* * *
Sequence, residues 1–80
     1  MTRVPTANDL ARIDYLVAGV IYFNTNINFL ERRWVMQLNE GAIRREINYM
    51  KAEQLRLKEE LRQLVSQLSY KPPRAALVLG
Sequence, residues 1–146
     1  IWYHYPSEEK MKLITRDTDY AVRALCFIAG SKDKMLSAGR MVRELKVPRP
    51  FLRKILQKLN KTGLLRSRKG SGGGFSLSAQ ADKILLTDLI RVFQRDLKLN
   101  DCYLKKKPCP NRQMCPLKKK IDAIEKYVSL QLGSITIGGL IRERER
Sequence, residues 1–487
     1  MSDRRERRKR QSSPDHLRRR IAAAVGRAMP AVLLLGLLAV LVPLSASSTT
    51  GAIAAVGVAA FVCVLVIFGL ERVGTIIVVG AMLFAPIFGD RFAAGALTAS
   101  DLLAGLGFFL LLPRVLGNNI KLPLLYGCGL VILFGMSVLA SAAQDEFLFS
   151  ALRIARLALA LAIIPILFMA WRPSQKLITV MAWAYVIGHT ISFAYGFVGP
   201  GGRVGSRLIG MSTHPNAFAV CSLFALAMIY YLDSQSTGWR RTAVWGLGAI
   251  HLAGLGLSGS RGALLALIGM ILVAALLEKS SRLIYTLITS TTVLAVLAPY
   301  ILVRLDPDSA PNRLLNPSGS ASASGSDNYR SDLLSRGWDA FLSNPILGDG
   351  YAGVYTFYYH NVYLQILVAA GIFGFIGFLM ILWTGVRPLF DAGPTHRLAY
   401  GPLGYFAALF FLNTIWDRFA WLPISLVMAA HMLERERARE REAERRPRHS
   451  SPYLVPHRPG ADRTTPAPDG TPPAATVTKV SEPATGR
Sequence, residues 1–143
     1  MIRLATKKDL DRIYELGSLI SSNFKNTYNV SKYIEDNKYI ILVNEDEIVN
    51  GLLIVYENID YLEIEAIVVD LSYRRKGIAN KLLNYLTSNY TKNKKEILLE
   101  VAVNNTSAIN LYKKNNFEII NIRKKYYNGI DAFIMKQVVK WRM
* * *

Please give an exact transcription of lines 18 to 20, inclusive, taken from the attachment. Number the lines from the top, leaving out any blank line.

   451  SPYLVPHRPG ADRTTPAPDG TPPAATVTKV SEPATGR
Sequence, residues 1–143
     1  MIRLATKKDL DRIYELGSLI SSNFKNTYNV SKYIEDNKYI ILVNEDEIVN